Suit fabrics explained
22 May 2015
So, you’ve opted to go for a tailored suit, but the real question is: which fabric do you choose? Of course an expert tailor will lead a new customer through the possibilities and make sure that the client leaves with the perfect fit for their body and the occasion. This is the very essence of tailored clothing.
The material makes a big difference to the look, feel and warmth of the finished suit and here are just a few fabrics that you can choose from.
Merino wool, famed for its softness and quality, is one of the choicest fabrics for a fine suit. Wool is preferred thanks to its durability, its ability to breathe and of course the hang. For the absolute best, look for Super gauge, which refers to how fine the yarn is. Super 210 is the market-leading cloth, but Super 100 can provide a fine finished suit and most tailors opt for Super 130-150 for their premium ranges.
Worsted wool is produced slightly differently to traditional wool, as the fibres are combed into strands, rather than spun, to create a smooth and more durable fibre. Worsted is commonly used to produce flannel and tweed that are the staples of country fashion and, therefore, have to survive the rigours of the outdoors.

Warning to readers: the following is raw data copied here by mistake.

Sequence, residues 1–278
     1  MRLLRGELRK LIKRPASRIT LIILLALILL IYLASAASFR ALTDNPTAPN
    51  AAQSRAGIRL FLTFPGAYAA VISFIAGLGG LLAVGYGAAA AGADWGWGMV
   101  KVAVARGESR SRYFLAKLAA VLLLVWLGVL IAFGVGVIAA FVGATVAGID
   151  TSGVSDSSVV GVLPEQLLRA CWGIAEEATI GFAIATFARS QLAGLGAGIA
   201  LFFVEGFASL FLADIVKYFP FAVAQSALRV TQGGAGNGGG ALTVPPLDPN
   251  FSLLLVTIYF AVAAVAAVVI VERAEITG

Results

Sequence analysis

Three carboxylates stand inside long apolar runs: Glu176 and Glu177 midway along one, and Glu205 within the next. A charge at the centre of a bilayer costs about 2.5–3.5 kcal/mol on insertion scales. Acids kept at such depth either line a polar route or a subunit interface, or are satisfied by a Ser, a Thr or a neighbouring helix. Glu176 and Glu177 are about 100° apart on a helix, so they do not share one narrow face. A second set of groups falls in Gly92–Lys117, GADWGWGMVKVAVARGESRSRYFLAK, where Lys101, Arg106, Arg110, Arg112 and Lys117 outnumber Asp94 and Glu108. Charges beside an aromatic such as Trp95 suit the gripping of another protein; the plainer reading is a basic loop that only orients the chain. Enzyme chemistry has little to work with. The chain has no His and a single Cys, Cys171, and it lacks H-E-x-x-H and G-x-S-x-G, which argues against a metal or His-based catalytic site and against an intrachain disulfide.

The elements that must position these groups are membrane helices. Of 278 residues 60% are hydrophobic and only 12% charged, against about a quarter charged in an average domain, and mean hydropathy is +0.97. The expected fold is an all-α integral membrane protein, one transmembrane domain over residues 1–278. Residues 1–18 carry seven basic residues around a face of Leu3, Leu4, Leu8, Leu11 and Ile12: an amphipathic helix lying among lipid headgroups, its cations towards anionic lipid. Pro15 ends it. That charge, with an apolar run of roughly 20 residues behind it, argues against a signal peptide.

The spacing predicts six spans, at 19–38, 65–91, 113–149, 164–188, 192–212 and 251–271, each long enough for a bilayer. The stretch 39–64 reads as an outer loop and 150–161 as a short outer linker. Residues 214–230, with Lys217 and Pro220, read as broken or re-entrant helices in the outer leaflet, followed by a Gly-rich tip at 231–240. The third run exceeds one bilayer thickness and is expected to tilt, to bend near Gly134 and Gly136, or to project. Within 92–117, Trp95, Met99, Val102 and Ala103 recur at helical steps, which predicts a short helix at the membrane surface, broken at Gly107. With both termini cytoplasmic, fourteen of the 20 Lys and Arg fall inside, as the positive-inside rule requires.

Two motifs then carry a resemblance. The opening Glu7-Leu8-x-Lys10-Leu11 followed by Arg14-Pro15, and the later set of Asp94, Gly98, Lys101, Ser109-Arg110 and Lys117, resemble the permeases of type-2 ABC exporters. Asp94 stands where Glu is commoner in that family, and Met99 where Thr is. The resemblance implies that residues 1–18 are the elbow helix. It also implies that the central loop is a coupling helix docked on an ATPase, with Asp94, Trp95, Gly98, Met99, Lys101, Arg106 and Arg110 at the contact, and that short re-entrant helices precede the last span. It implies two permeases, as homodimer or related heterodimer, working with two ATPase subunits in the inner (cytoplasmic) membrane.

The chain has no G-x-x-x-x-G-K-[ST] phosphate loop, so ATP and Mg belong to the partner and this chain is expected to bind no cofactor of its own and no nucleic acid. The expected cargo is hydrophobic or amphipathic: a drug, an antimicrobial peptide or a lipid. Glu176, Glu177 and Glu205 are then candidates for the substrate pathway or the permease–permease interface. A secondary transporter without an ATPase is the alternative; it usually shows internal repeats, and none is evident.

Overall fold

This fine grade wool is generally offered as a blend for traditional wool as, used on its own, it can create a rather unnatural shine. When harnessed in the right way, cashmere can add a real touch of luxury to a suit.
Another common blending fibre, silk is a breathable fabric that retains heat in cold weather and also gives the suit a natural sheen that is simply unmistakeable. It is often seen in the finest tuxedos and high-fashion suits from the leading designers.
The stalwart of the casual summer suit market, lightweight linen is famous for helping a gent keep his cool in the blazing heat. Traditionally worn at garden parties and in foreign climes, a linen suit is more casual than a traditional suit and used to be a rarity at the office. It has relaxed lines, but also creases easily and requires regular cleaning.
Cotton suits move and breathe well, but they lag behind wool suits when it comes to fit and finish. Cotton suits, especially in lighter hues, are ideal for summer wear, but they are not everyone’s cup of tea.